LTSB, CBB, CB? Which one should I use? This is a bit more complex to answer and you should try to understand what is required. As a dumb rule, I use the following to help my customers to decide:

    • When using CB/CBB, all machines need to be upgraded/rebuild at least once a year, is this possible? If not, LTSB
    • Can you upgrade SCCM every few months so you can deploy and manage the latest version of Windows 10? If not, LTSB
    • Do you have dedicated staff to look after the building process and test every single build with SCCM? If not, LTSB
    • Do you have enough network bandwidth to upgrade your environment to the latest version of windows? If not:
      • Can you have a Distribution Point on every single location? If not:
        • Can you use 3rd party content manager (like 1E Nomad)? If not LTSB
    • Do you have enough 1st line support to help people when they have problems? If not LTSB
    • Do you have enough storage space to perform migration of user data/settings (assuming you don’t have settings management software like UE-V and AppSence nor using One Driver for Business/SharePoint/Folder redirection for data)? if not, LTSB
    • Do you need to use any of the CB or CBB features? If not, LTSB

As you can see, you may be running CB/CBB quite easily on your environment if you can manage them, have time, etc. however, let me add another question, this could be only for a specific department.

Is this set of machines performing specific tasks that don’t require often upgrade? If yes, LTSB.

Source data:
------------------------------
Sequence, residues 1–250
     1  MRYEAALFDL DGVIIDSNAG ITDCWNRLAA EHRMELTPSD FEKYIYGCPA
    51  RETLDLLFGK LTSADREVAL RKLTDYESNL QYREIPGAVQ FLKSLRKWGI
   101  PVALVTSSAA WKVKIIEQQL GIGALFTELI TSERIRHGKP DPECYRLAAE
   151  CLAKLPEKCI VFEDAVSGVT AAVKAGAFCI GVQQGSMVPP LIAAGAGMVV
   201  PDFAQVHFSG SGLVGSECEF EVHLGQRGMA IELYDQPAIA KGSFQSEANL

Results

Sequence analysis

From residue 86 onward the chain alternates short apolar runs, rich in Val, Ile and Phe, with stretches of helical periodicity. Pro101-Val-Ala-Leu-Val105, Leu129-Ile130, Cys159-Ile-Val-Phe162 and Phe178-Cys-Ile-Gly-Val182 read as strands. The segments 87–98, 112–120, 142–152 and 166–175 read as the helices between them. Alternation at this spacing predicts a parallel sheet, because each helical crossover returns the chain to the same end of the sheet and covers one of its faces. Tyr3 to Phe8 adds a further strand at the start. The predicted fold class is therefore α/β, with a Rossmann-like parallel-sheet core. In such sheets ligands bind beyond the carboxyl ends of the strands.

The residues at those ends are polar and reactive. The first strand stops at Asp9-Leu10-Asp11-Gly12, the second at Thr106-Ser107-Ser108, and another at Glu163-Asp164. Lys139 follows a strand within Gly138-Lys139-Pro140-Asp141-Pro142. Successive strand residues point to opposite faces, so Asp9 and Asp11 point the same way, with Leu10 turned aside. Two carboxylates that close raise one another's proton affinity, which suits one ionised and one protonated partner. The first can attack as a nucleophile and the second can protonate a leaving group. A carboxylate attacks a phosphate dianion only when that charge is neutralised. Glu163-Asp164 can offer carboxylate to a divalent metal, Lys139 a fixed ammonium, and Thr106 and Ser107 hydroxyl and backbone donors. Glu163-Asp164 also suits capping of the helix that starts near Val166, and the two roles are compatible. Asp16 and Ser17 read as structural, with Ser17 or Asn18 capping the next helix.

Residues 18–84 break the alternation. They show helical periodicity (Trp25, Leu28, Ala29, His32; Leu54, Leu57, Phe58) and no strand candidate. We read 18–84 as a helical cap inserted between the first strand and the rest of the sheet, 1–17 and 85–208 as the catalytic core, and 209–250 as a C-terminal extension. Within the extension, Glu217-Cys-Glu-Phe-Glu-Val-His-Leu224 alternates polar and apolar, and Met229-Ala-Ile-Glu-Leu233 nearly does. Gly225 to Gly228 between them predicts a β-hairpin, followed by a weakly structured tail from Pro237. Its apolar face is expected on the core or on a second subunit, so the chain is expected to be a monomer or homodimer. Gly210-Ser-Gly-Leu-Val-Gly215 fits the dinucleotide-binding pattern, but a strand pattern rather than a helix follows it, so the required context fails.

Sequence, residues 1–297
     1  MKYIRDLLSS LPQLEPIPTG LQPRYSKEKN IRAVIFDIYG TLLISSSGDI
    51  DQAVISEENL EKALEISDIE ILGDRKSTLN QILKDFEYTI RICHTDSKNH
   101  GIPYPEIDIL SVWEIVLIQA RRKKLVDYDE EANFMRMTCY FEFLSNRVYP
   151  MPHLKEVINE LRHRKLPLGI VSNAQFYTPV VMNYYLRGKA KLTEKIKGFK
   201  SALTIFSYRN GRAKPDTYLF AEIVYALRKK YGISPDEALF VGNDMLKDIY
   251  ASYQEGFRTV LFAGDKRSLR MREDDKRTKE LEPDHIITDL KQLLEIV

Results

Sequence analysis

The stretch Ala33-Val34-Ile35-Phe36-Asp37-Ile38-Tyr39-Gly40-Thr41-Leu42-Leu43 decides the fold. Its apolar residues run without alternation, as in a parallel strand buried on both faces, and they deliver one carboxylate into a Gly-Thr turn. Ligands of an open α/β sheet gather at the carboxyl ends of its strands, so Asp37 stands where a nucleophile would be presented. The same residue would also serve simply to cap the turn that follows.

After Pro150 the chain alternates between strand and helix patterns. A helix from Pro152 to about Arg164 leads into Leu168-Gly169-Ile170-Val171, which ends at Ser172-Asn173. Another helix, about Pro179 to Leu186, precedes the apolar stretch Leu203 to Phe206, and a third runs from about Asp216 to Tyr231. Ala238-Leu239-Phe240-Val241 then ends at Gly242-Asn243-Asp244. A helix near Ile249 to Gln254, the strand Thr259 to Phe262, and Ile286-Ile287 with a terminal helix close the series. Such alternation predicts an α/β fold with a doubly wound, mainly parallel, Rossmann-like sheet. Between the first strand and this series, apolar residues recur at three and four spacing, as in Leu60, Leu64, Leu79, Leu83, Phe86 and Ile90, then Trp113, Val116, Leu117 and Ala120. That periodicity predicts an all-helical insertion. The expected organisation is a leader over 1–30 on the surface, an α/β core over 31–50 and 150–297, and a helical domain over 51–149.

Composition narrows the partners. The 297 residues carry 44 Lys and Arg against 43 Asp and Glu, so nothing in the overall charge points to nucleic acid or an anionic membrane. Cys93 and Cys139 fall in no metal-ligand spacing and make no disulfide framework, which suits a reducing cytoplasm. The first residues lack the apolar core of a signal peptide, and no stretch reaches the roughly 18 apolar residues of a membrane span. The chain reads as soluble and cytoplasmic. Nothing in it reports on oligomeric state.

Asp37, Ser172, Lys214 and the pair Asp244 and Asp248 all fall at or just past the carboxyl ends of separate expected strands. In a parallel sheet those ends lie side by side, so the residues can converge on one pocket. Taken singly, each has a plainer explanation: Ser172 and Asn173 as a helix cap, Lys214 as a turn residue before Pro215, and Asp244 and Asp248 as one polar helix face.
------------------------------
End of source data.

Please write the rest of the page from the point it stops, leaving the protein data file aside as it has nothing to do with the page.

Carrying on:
What I mean by this question? A computer that is in places where you don’t need to change the OS often because they use a specific software and only that. Withdraw machines, medical machines (managing the X-ray machines, etc.).

So now that you know a bit more about Windows 10, happy deployment (hopefully with SCCM).

Note: i’ve done lots of research, however, sometimes some information may not be relevant or has changed. if the tables above are not correct, let me know.

About

Raphael is a 9 times Microsoft MVP with over 20 years of experience in IT, in which 13 years have been dedicated to System Center and Automation. His extended experience has been developed through several IT roles, from first-line support to principal consultant, towards a wide range of clients and sectors. One of the four MVPs in Enterprise Client Management in the UK, Raphael holds more than 30 Microsoft certifications and is an MCT (Microsoft Certified Trainer). Since 2008, Raphael has been providing Microsoft trainings from basic to advanced levels in several categories. Throughout his career, Raphael has joined as speaker in well-known events such as TechEd and Gartner Security Risk Management. He also organised community events and lectured around the world, sharing best practices and knowledge within the industry. Bilingual in English and Portuguese, Raphael has authored diverse articles published in Microsoft's TechEd, served as the editor-in-chief of a magazine focused on System Center in Brazil and wrote two books: "Understanding System Center 2012 SP1 Configuration Manager: The walkthrough book" and "System Center 2012 R2 Configuration Manager: Automation from Zero to Hero".